CDC launches opioid campaign in hard-hit states

September 26, 2017

(HealthDay)—The U. S. Centers for Disease Control and Prevention has launched a campaign to reduce overdose deaths from prescription opioid painkillers.

Between 1999 and 2015, more than 183,000 people in the United States died from prescription overdoses such as OxyContin (oxycodone) and Vicodin (hydrocodone).

The goal of the CDC's Rx Awareness is to increase knowledge of the risks of and stop inappropriate use. Personal accounts from recovering opioid abusers and people who've lost loved ones will be featured.

"It only takes a little to lose a lot" is the campaign tagline. It will be featured in videos, audio ads, social media ads, internet banners, web graphics, billboards and posters.

Campaign ads are planned to run for the next 14 weeks in Kentucky, Massachusetts, New Mexico and Ohio. The campaign will expand to other states as more funding becomes available.

"This campaign is part of CDC's continued support for states on the frontlines of the opioid overdose epidemic," CDC Director Dr. Brenda Fitzgerald said in an agency news release.

"These heartbreaking stories of the devastation brought on by opioid abuse have the potential to open eyes and save lives," she said.

In 2015, 12.5 million people in the United States misused prescription opioids. Every day, more than 1,000 people are treated in emergency departments for prescription opioid misuse and more than 40 people die from prescription opioid overdoses.

Prescription opioid abuse is also a major risk factor for heroin use. About three-quarters of new heroin users misused prescription opioids before using heroin.

Explore further: Medicaid patients continue high prescription opioid use after overdose

More information: The U.S. Centers for Disease Control and Prevention has more on prescription opioids.

Related Stories

Medicaid patients continue high prescription opioid use after overdose

August 22, 2017
Despite receiving medical attention for an overdose, patients in Pennsylvania Medicaid continued to have persistently high prescription opioid use, with only slight increases in use of medication-assisted treatment, according ...

Bulk of opioid use in the U.S. concentrated among 10 percent of patients

September 11, 2017
A small proportion (10 percent) of opioid users account for the vast majority of opioid use in the United States. These findings suggest that efforts to reduce prescription opioid abuse should focus on the top users, rather ...

Trump declares opioid crisis a 'national emergency'

August 11, 2017
US President Donald Trump said Thursday that the opioid crisis in the United States constitutes a "national emergency" and pledged to step up efforts to fight the epidemic.

Utah launches campaign to fight opioid abuse, overdoses

April 30, 2017
Utah pharmacists will start putting red stickers on bottles of opioids that warn patients about the risk of overdose and addiction as part of a new awareness campaign to combat painkiller abuses and deaths.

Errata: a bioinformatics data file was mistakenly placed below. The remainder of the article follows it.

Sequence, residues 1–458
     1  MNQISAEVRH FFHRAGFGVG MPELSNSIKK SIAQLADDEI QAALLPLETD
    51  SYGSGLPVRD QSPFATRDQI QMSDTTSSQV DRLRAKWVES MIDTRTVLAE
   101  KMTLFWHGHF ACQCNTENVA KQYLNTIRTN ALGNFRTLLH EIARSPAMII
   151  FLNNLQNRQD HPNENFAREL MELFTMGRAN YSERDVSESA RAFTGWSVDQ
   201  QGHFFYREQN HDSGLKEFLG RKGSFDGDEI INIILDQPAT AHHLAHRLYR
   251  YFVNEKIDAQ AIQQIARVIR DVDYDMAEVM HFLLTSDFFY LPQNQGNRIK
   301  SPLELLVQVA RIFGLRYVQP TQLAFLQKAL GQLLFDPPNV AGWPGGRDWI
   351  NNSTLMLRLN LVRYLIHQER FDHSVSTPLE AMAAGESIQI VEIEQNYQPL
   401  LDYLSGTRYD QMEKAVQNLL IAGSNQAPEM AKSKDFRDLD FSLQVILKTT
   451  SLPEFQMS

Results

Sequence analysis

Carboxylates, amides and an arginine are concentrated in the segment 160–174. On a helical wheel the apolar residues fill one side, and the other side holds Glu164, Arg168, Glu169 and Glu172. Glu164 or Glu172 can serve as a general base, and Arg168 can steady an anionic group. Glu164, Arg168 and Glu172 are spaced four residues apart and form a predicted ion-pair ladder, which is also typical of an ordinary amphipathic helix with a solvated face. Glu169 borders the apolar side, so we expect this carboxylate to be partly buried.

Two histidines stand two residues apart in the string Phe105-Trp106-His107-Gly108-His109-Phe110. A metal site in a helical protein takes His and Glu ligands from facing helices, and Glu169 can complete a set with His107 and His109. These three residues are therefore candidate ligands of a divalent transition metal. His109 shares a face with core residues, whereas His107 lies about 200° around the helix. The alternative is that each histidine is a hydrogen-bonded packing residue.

U.S. doctors still writing too many opioid prescriptions

August 1, 2017
(HealthDay)—More than one out of three average Americans used a prescription opioid in 2015, despite growing concerns these medicines are promoting widespread addiction and overdose deaths, according to a study published ...

DEA puts quota on production of opioid painkillers

October 6, 2016
(HealthDay)—The U.S. Drug Enforcement Administration (DEA) says it has mandated significant cuts in the production of powerful prescription opioid painkillers.

Recommended for you

Baby-boomers and millennials more afflicted by the opioid epidemic

November 21, 2017
Baby-boomers, those born between 1947 and 1964, experienced an excess risk of prescription opioid overdose death and heroin overdose death, according to latest research at Columbia University's Mailman School of Public Health. ...

Sensor-equipped pill raises technological, ethical questions

November 17, 2017
The first drug with a sensor embedded in a pill that alerts doctors when patients have taken their medications was approved by the Food and Drug Administration, raiding issues involving privacy, cost, and whether patients ...

New painkillers reduce overdose risk

November 16, 2017
Scientists on the Florida campus of The Scripps Research Institute (TSRI) have developed new opioid pain relievers that reduce pain on par with morphine but do not slow or stop breathing—the cause of opiate overdose.

Separating side effects could hold key for safer opioids

November 16, 2017
Opioid pain relievers can be extremely effective in relieving pain, but can carry a high risk of addiction and ultimately overdose when breathing is suppressed and stops. Scientists have discovered a way to separate these ...

US regulators approve first digital pill to track patients

November 14, 2017
U.S. regulators have approved the first drug with a sensor that alerts doctors when the medication has been taken, offering a new way of monitoring patients but also raising privacy concerns.

Introduction is different, but top medications for opioid addiction equally effective

November 14, 2017
With opioid addiction officially declared a public health emergency in the U.S., medical intervention to treat the illness is increasingly important in responding to the epidemic. Now, a new study concludes that two of the ...

0 comments

Please sign in to add a comment. Registration is free, and takes less than a minute. Read more

Click here to reset your password.
Sign in to get notified via email when new comments are made.